UK car registrations plummet in April as new vehicle duty comes into effect

Demand slumped across all categories, with registrations by private buyers falling more than 28 per cent

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The Independent Online

UK car registrations fell by close to a fifth in April, hit by consumers bringing forward purchases to avoid having to pay a new vehicle excise duty which came into effect on 1 April.

According to figures published by the Society of Motor Manufacturers and Traders (SMMT), 152,076 new cars were registered last month representing a 19.8 per cent decline.

Demand slumped across all categories, with registrations by private buyers falling more than 28 per cent, and registrations by businesses and large fleets declining 21 per cent and 12.3 per cent respectively.

But the SMMT data also showed that despite a lacklustre April, the new car market remains robust for the year. New registrations in the first four months of 2017 are 1.1 per cent higher than they were in the same period last year, at 972,092. That's the highest level for the period on record.

“With the rush to register new cars and avoid VED tax rises before the end of March, as well as fewer selling days due to the later Easter, April was always going to be much slower,” said SMMT chief executive Mike Hawes.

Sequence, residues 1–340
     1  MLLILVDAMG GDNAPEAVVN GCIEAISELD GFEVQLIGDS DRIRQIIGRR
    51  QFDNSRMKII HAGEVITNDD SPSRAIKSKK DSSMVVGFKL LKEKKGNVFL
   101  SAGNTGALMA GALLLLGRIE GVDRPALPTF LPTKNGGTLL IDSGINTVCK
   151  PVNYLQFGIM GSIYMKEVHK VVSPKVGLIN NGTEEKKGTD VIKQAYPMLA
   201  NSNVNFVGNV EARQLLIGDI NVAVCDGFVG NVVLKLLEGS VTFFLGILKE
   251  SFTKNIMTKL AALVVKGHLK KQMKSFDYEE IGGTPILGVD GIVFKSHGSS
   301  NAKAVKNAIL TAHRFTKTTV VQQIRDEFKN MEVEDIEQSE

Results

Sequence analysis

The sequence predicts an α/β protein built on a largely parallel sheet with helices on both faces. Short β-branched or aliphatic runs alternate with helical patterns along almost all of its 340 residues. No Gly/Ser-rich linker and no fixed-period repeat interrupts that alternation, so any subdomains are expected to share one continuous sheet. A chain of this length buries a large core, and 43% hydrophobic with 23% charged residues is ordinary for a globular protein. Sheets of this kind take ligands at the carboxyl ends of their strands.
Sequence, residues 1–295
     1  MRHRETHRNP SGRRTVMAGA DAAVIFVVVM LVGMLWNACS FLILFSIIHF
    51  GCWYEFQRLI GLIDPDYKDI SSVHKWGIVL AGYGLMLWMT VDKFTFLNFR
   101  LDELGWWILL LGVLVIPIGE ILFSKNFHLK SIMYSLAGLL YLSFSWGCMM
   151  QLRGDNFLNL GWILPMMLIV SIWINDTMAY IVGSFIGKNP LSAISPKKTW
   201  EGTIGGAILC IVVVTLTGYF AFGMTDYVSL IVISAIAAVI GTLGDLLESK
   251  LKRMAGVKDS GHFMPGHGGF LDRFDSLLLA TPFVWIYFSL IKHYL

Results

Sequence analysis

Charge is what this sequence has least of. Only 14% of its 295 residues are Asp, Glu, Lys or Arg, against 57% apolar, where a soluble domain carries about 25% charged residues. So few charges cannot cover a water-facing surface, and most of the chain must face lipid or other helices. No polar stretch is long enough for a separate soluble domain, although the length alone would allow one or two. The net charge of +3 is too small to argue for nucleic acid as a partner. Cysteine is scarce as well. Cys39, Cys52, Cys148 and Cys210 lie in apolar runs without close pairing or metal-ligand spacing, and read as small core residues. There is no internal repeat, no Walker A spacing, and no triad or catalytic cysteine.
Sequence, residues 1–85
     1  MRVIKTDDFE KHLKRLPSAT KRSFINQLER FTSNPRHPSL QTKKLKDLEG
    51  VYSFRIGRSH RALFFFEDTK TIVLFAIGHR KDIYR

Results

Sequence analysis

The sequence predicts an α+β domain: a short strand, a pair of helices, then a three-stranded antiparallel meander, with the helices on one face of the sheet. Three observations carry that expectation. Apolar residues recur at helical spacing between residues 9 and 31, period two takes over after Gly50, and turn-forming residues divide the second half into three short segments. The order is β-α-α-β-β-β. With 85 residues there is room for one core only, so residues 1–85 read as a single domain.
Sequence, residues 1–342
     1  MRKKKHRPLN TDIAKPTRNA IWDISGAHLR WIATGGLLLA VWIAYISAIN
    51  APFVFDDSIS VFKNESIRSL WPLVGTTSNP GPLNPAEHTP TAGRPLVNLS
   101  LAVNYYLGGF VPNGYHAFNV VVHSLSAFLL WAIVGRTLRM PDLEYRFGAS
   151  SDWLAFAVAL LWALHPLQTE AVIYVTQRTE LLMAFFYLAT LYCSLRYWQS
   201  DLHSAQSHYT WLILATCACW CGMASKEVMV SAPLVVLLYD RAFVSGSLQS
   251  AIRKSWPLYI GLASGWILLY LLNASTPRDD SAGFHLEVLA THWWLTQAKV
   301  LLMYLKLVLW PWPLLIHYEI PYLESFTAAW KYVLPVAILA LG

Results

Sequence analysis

“It’s important to note that the market remains at record levels as customers still see many benefits in purchasing a new car,” he added.

“We therefore expect demand to stabilise over the year as the turbulence created by these tax changes decreases.”

Sue Robinson, director of the National Franchised Dealers Association, said that she also expects demand to bounce back, citing “record low interest rates and record high employment”.

Ian Gilmartin, head of retail and wholesale at Barclays, said that “consumers may be beginning to tighten the purse strings on large purchases given ongoing uncertainty in the wider economy” but that the April did bring “unique circumstances”.

“The message sellers should take is to be on their guard and monitor sales patterns over the next quarter."

The Ford Fiesta was the best-selling car in April, as it has been for 2017 so far, followed by the Nissan Qashqai, the Mercedes-Benz C Class, the Mercedes-Benz A Class and the Ford Focus.

Last month the SMMT reported that production of new cars in the UK had hit a 17-year high in March, particularly fuelled by robust demand from abroad.

But the trade body also reiterated the vulnerability of the UK car industry in the face of Brexit.

“Much of our output goes to Europe and it’s vital we maintain free trade between the UK and EU or we risk destroying this success story,” Mr Hawes said at the time.

Because of the car industry’s global exposure and particularly its dependence on workers from abroad, it is generally considered one of the most sensitive to a hard Brexit.

Britain moving to a World Trade Organisation regime after Brexit could lead to the introduction of a 10 per cent tariff on finished vehicles and a 4.5 per cent tariff on component parts for cars.

In March, a research study done by PA Consulting showed that if manufacturers pass that cost directly on to customers – and taking all the stages of production into account – the price tag for a new vehicle could soar by as much as £2,372 per car, possibly hamstringing demand both domestically and from abroad.

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